Friday, April 15, 2016

Hawkwind :" the Machine Stops"

Here's a rule... if you are going to throw around a band's name when it comes to influencing other artists you like , then you must review their albums when they are released or you are very simply a poseur. You don't have to like it. As not all band's can keep up the kind of streak that the likes of Bowie and Zappa had. Things have changed since their days Lemmy was in the band. The sci-fi element was not toned down, instead it was allowed to run wild. If you do drugs and are not doing them when you listen to this album, that needs to change. This concept album is based on the Em Forster book of the same name .The first actual space rock goes down on the second song "the Machine". At it's core the band's sound has retained it's roots and there is not threat of them isolating the cult following they have garnered over the years.

Of course Dave Brock is setting the controls for the heart of the sun on "King of the World" , the only other original member along for this rocket ride is Tim Blake, who also played in Gong. From the Nik Turner camp Dead Fred is aboard with violin in tow. "In My Room" is not a Beach Boys cover , but a song that starts off as whirling psyche rock before turning into rain sound effects. One of the more bizarre turns I have ever heard a song take. The song that it wanted to be certainly sounded pretty cool. "Thursday" wants to have a harder rocking to it's siren drone. If you think your indie rock band is "psyche" then you need to check your self and listen to this album because these drug sniffing dogs still have it. I can tell midway into this album it's blowing the last Pink Floyd out of the water even with half the production value. The brighter more upbeat vibe the beginning of "Synchronized Blue" goes for is not my favorite sound from them, but they do make an attempt to rock it a little harder, to the point of touching upon metal. They even get proggy and go off on a meandering keyboard solo.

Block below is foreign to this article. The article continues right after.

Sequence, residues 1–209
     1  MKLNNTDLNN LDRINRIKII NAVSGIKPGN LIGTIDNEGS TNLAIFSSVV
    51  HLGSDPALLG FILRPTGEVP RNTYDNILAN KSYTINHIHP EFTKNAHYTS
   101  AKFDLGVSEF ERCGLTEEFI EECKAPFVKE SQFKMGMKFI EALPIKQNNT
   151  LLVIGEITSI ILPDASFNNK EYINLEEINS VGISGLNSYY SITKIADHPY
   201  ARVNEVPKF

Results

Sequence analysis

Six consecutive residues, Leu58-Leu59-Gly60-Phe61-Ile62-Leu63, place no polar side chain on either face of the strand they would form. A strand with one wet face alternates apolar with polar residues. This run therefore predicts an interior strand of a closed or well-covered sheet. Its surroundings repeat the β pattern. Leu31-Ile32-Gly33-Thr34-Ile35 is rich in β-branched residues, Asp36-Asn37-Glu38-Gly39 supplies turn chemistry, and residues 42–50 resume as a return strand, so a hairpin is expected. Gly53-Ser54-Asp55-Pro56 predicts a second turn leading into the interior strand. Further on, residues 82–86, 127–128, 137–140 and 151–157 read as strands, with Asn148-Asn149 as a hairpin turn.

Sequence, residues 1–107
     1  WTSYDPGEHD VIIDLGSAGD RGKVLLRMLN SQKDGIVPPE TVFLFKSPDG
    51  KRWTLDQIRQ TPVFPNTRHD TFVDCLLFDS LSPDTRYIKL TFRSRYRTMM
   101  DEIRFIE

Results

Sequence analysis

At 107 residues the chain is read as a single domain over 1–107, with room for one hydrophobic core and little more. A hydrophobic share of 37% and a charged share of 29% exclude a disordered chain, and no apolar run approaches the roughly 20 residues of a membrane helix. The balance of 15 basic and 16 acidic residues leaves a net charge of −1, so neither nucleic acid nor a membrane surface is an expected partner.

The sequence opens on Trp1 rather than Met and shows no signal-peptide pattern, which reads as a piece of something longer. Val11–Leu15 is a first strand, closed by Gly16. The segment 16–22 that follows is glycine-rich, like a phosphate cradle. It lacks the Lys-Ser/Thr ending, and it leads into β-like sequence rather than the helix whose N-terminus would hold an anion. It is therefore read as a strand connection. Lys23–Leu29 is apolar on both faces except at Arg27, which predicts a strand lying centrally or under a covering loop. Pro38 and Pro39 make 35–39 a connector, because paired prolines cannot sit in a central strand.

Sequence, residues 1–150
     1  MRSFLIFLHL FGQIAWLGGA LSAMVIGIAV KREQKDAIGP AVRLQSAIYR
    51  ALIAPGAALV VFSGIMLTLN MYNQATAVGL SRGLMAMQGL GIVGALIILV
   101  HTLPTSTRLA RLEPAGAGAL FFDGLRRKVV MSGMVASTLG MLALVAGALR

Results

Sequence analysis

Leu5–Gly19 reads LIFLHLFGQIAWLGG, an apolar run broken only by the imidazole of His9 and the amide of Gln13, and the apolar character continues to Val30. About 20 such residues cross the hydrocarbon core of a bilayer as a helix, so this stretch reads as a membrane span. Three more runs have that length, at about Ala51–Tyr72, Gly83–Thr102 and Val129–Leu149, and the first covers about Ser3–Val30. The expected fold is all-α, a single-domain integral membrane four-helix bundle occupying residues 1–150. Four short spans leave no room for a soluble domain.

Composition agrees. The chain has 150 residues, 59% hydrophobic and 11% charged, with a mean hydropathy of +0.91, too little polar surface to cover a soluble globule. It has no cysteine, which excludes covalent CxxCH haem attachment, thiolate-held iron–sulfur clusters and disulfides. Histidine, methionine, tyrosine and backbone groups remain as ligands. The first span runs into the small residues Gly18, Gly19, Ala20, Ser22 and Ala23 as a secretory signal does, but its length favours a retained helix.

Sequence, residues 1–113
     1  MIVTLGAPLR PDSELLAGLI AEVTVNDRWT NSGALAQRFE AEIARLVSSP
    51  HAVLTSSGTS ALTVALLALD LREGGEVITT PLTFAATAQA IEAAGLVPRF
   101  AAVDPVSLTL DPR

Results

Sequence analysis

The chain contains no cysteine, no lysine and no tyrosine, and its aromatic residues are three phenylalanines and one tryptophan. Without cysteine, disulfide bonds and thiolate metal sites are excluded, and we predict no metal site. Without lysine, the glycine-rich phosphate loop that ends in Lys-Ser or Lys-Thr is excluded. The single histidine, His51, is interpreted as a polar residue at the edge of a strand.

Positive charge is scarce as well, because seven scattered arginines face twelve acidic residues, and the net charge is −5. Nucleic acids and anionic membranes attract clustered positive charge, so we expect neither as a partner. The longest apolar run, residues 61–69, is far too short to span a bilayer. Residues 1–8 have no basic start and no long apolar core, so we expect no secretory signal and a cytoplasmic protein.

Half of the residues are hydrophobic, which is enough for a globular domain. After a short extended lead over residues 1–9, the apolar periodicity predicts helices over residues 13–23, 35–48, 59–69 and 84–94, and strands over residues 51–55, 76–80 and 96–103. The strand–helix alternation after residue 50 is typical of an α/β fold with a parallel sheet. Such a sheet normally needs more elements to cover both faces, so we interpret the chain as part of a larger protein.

Space rock might be the crown they wear, but it doesn't stop them from dipping into almost trip hop like beats on the more subdued"Hexagone" that finds the vocals tip toeing around a 60's mod melody that would go well with a cup of tea. Cosmic synths set the stage for "Living on Earth" that has one of the album's more interesting vocal melodies". The keyboards wander around over this song , but some how they jammy quality that it floats on makes it work. Jamming is what goes down particularly after the break at the four minute mark. They glide around the bubbly yet exotic path of the Milky Way on " the Harmonic Hall". This finds the band stepping even deeper into electronica. This song is more of an instrumental, with the breathy chanted vocals sounding more like another sampled layer.

They return to more straight up rock on "A Solitary Man". This song brings the band back down to earth, and perhaps too much so. It's not a bad song, it doesn't seem to play to the band's strengths. They do however shine on like the crazy diamonds they are with the up tempo dream bath of "Tube". This opus comes to a close with "Lost in Science" . It sounds like droids are robbing a bank before the band goes into their legendary brand of space punk. I'm not sure how much air play this will get from me since I no longer drop acid ...or do any drugs, but if I am going to relapse on the more mind expansive drugs then this would be on tap. I really like how they maintained their sense of identity while dabbling in newer sounds. I'll give this one a 10.

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